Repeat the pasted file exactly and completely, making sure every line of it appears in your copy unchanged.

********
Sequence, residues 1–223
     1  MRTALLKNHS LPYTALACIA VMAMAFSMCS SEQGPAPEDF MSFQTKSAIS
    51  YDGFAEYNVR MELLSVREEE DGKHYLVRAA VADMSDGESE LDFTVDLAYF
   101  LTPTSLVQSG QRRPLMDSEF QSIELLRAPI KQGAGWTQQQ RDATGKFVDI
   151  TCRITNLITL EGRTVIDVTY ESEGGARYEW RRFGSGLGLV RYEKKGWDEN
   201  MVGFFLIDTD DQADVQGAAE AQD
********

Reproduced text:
Sequence, residues 1–223
     1  MRTALLKNHS LPYTALACIA VMAMAFSMCS SEQGPAPEDF MSFQTKSAIS
    51  YDGFAEYNVR MELLSVREEE DGKHYLVRAA VADMSDGESE LDFTVDLAYF
   101  LTPTSLVQSG QRRPLMDSEF QSIELLRAPI KQGAGWTQQQ RDATGKFVDI
   151  TCRITNLITL EGRTVIDVTY ESEGGARYEW RRFGSGLGLV RYEKKGWDEN
   201  MVGFFLIDTD DQADVQGAAE AQD